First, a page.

“A Visionary Thing to Do” In May 1962 trustee Irving S. Amrhein established a fund for investment purposes, seeding it with $20,000. “Amrhein wanted to provide students with a realistic experience of working in the stock market,” related G. Alden Sears, professor emeritus of economics and business, who was chair of the department at the time. Under the advisement of John Grenier, former professor of economics, the students adopted a theme that has served them well. “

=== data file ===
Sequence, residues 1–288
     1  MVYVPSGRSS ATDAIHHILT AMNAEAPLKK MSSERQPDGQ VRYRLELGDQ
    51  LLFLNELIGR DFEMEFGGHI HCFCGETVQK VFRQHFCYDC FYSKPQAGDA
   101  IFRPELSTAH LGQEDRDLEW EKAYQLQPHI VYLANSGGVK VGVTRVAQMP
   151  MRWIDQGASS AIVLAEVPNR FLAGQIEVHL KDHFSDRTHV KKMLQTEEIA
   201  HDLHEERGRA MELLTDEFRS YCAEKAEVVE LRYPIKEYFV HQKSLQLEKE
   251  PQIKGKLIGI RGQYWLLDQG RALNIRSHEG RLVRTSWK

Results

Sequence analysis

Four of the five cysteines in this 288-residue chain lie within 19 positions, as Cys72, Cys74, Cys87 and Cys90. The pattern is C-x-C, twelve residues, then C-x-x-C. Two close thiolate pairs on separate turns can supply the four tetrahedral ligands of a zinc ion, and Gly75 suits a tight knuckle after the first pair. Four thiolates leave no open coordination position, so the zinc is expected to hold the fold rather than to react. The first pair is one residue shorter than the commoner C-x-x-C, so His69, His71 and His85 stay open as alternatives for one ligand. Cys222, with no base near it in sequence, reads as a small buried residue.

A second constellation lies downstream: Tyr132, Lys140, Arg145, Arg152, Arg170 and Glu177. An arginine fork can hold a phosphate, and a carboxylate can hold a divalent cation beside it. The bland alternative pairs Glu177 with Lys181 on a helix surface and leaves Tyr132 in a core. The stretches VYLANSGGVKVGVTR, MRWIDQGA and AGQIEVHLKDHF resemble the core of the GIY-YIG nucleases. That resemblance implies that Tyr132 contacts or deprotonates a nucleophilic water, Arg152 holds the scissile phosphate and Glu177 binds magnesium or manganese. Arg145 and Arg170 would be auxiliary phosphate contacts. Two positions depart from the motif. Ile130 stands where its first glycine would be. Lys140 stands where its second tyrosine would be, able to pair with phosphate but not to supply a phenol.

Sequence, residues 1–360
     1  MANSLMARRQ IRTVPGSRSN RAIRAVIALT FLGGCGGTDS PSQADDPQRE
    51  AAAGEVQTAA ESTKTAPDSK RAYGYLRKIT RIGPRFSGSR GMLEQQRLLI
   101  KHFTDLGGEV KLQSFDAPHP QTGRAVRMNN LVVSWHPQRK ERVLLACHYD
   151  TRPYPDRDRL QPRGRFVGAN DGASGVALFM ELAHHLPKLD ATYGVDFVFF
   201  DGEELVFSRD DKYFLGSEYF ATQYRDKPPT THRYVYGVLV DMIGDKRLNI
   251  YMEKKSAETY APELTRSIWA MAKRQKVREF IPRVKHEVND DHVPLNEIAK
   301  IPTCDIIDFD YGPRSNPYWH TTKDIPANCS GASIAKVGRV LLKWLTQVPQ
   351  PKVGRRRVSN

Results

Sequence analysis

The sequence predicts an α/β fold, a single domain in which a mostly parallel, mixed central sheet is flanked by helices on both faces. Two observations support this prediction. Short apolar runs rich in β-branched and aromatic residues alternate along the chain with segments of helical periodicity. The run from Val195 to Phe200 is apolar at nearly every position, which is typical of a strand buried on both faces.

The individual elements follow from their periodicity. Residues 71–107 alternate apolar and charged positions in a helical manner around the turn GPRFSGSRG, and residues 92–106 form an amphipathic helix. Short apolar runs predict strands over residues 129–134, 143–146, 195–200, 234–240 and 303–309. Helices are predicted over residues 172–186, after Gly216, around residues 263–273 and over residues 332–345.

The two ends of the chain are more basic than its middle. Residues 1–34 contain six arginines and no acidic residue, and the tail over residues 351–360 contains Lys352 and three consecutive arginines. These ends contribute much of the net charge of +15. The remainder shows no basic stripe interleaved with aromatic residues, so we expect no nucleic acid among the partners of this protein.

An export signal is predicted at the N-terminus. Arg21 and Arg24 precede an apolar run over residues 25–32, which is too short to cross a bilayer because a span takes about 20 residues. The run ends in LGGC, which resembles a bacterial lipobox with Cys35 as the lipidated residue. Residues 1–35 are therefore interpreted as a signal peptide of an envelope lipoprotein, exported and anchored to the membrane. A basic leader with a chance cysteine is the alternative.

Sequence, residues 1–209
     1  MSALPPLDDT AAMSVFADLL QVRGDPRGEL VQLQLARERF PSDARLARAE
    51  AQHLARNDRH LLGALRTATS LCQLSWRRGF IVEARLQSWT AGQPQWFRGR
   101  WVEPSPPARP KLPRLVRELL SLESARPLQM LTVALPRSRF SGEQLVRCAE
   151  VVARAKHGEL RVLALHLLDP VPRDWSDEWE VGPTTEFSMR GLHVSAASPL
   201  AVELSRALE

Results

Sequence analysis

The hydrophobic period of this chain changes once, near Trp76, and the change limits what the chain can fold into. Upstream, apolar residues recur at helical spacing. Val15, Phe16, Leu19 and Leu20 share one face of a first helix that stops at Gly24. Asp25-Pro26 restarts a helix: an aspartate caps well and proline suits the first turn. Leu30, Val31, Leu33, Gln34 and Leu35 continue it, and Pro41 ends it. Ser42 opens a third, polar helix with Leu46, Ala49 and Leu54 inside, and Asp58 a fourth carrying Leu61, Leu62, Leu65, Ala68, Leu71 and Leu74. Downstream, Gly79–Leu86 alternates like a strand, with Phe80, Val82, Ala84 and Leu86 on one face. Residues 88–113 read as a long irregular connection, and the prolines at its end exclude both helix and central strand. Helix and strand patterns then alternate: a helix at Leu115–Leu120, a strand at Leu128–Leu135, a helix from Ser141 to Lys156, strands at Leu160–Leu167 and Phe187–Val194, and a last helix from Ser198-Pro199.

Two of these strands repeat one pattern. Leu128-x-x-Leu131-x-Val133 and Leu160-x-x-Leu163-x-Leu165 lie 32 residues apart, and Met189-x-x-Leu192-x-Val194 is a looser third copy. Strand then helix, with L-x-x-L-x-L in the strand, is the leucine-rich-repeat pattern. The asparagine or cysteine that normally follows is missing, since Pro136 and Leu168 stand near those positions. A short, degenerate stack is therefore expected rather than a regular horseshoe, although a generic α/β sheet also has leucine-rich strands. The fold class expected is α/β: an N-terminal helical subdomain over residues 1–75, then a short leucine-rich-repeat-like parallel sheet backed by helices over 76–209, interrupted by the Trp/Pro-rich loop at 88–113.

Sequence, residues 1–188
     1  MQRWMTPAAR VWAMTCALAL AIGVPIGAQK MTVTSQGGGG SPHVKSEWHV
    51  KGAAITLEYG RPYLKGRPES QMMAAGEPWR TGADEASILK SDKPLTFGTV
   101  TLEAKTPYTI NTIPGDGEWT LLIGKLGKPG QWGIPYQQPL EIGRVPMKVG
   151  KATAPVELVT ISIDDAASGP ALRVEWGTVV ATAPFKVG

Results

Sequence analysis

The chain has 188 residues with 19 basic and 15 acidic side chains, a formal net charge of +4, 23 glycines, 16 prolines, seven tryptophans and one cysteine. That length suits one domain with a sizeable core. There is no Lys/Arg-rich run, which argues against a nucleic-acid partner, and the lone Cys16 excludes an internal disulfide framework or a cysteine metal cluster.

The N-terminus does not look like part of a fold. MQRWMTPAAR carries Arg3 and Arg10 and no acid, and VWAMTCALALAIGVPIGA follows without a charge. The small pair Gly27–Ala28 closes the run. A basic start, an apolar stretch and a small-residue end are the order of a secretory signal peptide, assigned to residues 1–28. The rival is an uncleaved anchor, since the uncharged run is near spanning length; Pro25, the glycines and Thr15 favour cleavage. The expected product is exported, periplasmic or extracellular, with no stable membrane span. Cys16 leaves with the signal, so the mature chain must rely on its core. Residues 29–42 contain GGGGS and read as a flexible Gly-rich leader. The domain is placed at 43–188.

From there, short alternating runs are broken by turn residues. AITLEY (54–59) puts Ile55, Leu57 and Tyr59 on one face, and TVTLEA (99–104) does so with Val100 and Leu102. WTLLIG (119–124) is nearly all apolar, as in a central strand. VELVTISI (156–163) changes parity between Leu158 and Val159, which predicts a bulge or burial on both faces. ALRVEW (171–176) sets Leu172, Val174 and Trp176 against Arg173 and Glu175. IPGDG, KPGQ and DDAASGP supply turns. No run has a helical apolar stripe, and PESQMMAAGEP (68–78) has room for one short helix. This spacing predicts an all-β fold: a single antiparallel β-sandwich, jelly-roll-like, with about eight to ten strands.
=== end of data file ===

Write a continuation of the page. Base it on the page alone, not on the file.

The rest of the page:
“It’s wonderful to talk about success,” said Linda Ravelle, associate professor of economics and business. “But there will be that students should learn to make opportunity from catastrophe,” noted former club member and alumnus Louis Pektor ’72. According to Pektor, Grenier helped students conceptualize the major economic forces and trends over the long run that lead to real gains. Pektor, who was a business major, returned to Moravian and was the club’s advisor for several years. He cited the club and its achievements as a tribute to Amrhein and Grencer. Beverly Young, a vice president of investment at Janney Montgomery Scott, is the “stockbroker of record” for the Amrhein Investment Club. She recently commented that Mr. Amrhein figured he would have to add $25,000 dollars a year to keep the club afloat. “Instead the club’s fund has grown to quite a considerable amount,” Young said. “Mr. Amrhein must be smiling down on these students.” Amrhein’s generous donation was precipitated by an earlier suggestion from Gehman, who headed Moravian’s Economics and Business Association. According to Gehman, the EBA was making a profit on the football programs it was selling each fall. The proceeds were being used to fund field trips for business and finance students. As the venture became more successful, Gehman suggested the establishment of a trust fund to be used by students as an investment learning experience. “That trust was never executed,” Gehman said. “Once Amrhein heard about it, he was glad to donate money to be invested in stock.” In those early years Gehman’s students, initially hesitant and cautious, researched and discussed their options. Once a vote had been taken and Gehman gave his final mark of approval, the transaction was carried out.